A few months ago, when I came across that gadget that prepares eggs, toast, and coffee for you, I rashly and wrongfully asserted that such "breakfast multitasking" was endemic to Japan. That was an erroneous assertion on my part: the Dutch are doing it too, except that this gadget really isn't specific to breakfast. Holland Electric has a fun little product designed by Marcel Wanders. Called the Wave TV, it combines a microwave with a 15" TV and DVD player. We've seen kitchen TVs before, but until this point they've been largely confined to … Read more
Apparently, attraction to the opposite sex isn't nearly as important as it used to be. That's the only explanation we can fathom for the continuing trend of new Star Trek items on the market.
The latest date repellant is a $70 "Phaser Universal Remote Control," which claims to feature sound effects from the original series provided by Paramount. Alas, Red Ferret notes that it's already sold out. (What a surprise.)
But don't despair, Sparky. If you play your cards right, you might still be able to score a "Lightsaber Umbrella."
This would be laughable if it weren't so sad, but apparently the "Plasma TV Fireplace" is here to stay. Picture House Cabinets has come up with a new version of its fully functional hearth that conceals a pop-up flat screen, according to Shiny Shiny, this one complete with marble finish (so classy).
We understand that furniture makers are struggling to adjust to the era of plasmas and LCDs, but this is nothing more than an exercise in poor taste. It's also an example of technological perversion at its worst, as described in the company's product … Read more
This one definitely falls under the category of What Took Them So Long? Universal remotes have claimed (dubiously) to do everything under the sun, but they've gotten increasingly difficult to use by cramming in more keys and buttons, not to mention indecipherable commands.
Sharp has responded to that frustration with "the world's first remote controller with a touchpad," according to Gearfuse, for its updated line of Aquos TV-PCs. The design overhaul means 40 percent fewer buttons and computer-like navigation on the remote.
The new products appear to be available only in Japan for now, but we'… Read more
All Marriott hotel rooms in the U.S. and Canada will get a high-definition television by the end of 2009, the company has announced. OK, it's official: now I will definitely be going for Marriott over Motel 6!
Rooms will have a plug-in panel that lets guests connect laptops, camcorders, digital cameras and other gadget paraphernalia to a flat panel, high-def screen. The standard 32-inch televisions will also be equipped with a 25-watt stereo speaker system so guests can listen to tunes on their MP3 players, with no headphones required.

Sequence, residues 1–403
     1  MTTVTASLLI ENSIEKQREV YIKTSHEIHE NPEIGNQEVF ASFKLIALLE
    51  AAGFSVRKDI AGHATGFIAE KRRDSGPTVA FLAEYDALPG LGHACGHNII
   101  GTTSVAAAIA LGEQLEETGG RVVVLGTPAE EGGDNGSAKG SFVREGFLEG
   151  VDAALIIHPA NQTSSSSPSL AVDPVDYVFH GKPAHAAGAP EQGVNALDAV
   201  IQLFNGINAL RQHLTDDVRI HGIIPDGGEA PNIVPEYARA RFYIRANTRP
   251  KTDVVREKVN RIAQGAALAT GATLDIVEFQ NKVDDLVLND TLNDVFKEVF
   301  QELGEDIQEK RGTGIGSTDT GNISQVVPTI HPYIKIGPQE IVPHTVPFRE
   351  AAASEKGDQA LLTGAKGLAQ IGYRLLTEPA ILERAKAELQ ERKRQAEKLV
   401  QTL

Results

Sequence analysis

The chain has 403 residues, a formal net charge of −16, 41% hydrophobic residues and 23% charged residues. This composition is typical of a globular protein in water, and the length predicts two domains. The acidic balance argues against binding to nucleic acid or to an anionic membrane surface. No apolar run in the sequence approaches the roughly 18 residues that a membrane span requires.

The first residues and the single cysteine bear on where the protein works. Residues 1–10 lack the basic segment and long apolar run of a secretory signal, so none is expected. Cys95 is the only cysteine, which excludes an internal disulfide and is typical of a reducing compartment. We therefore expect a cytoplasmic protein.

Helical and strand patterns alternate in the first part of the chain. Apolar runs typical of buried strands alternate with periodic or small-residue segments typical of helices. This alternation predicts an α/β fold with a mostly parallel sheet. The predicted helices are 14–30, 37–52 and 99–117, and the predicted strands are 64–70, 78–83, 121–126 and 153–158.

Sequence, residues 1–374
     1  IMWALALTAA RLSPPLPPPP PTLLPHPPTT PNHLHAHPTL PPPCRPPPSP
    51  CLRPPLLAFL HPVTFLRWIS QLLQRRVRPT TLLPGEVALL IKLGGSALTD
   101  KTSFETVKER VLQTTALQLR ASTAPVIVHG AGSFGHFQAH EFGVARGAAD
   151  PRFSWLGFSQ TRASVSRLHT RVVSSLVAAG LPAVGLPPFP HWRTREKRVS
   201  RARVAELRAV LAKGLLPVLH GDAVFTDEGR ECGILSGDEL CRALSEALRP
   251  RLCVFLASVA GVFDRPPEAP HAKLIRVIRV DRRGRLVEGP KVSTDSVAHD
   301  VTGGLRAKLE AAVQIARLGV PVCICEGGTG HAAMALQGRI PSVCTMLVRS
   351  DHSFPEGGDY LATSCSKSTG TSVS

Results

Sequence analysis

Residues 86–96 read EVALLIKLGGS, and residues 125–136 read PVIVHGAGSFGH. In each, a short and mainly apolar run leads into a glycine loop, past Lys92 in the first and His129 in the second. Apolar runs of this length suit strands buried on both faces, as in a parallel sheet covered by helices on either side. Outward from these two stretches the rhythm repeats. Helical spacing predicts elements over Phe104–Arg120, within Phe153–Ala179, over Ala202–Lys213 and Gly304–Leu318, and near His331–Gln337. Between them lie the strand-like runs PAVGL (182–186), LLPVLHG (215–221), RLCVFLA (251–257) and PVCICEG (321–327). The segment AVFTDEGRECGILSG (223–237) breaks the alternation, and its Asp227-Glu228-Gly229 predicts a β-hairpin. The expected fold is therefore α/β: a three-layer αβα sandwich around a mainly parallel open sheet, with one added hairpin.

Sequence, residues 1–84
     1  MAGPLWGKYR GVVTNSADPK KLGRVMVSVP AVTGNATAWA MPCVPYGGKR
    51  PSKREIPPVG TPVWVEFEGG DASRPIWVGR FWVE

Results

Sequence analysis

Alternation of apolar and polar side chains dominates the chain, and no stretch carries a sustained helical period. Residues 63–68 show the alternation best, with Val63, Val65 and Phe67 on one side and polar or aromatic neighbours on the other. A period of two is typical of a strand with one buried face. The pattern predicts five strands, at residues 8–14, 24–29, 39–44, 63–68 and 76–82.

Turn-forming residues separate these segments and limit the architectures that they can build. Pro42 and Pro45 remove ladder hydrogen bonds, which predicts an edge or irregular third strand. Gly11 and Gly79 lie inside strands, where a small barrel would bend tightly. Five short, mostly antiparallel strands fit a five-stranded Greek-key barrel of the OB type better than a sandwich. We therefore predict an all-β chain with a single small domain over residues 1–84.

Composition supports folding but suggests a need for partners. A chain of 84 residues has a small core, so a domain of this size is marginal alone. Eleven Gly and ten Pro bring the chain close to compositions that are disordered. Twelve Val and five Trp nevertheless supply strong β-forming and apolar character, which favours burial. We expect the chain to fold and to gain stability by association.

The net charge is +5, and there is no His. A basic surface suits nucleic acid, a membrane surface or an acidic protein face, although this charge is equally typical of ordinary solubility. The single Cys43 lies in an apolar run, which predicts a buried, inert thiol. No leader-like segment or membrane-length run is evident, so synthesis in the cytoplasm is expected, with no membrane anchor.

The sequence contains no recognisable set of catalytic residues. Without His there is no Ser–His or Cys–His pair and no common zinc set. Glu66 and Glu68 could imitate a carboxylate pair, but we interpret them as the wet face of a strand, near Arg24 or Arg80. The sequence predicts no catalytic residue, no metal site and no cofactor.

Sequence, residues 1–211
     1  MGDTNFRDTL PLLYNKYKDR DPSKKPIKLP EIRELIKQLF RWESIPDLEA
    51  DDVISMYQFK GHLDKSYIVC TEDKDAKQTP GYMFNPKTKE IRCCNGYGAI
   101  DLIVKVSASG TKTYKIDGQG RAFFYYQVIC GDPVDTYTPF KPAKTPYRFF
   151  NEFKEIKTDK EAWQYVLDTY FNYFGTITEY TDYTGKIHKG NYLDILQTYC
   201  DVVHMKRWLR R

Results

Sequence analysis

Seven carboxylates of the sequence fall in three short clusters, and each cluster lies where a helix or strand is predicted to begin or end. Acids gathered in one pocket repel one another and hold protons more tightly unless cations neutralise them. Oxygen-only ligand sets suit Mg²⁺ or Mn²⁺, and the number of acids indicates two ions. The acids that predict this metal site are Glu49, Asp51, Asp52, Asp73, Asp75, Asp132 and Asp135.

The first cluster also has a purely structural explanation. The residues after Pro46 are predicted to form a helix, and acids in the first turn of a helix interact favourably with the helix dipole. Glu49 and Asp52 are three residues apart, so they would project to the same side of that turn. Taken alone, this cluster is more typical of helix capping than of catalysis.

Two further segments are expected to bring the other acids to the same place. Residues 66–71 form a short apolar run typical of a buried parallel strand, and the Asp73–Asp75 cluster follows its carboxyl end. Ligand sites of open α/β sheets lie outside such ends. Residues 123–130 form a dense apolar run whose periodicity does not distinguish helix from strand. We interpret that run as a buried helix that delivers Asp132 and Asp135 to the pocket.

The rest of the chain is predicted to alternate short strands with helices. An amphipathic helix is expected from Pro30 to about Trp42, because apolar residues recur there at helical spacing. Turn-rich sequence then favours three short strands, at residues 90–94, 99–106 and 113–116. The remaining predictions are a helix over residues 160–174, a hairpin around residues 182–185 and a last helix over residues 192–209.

By the end of 2007, Marriott expects to have … Read more
Fans of Sony products are often disappointed at the January Consumer Electronics Show to discover that the company doesn't have very much to say. Sure, there's a big Sony booth and a handful of token product announcements and press releases, but it's always small potatoes compared to the dozens of new items on display from competitors such as Samsung, Philips, and Panasonic. But that's entirely by design: rather than get lost in the CES maelstrom, Sony opts to launch its new line of products at its own Sony-only line show. We've got complete coverage of … Read more
Just when you thought Sony's 2006 lineup of flat-panel LCD HDTVs was getting a little long in the tooth, out come the 2007 models. Today the company announced seven new Bravias, an acronym for--I kid you not--"Best Resolution Audio Visual Integrated Architecture." In fact, a whole press release was dedicated to how Sony intends to extend the brand to nontelevision products, like home-theater systems, but I doubt anyone outside Sony's marketing department cares. And if you happen to care about how much you'll be asked to spend on the new TVs, you're out … Read more
We first reported on and picked apart Sony's Bravia Internet Link, or B.I.L., at CES 2007 in January, but the company took until now to officially divulge pricing and availability details. The module, which is compatible with the company's 2007 LCD rear-projection and flat-panel HDTVs also announced today, will retail for $300 and ship in June. The Link enables the TV to browse a closed garden of Sony-sanctioned delights (or a Pan's Labyrinth, depending on your point of view) that consists of "Internet video content, including high-definition programming, from providers like AOL, Yahoo! and … Read more
Some of the more notable products announced at the Sony line show today are three rear-projection HDTVs--remember those?--that use LCD technology housed in foot-deep cabinets. Sony has been selling LCD-based RPTVs such as these as its somewhat less-expensive alternative to SXRD-based rear-projectors such as these (more info), but this year there's a new twist: Two of the three LCDs have 1080p native resolution, the highest available today. In other words, just one 2007 Sony RPTV so far, the KDF-37H1000, will have less than 1080p resolution.
The Sony line show today saw a few announcements about new HDTVs, but prospective TV buyers looking for information on new SXRD-based models will be disappointed. SXRD, the company's LCoS-based, high-end projection display technology, has performed well in our tests--most recently with the KDS-60A2000 and the KDS-60XBR2. News of new SXRD products is always highly anticipated, but this year, like it did in 2006, Sony has kept the real details under wraps.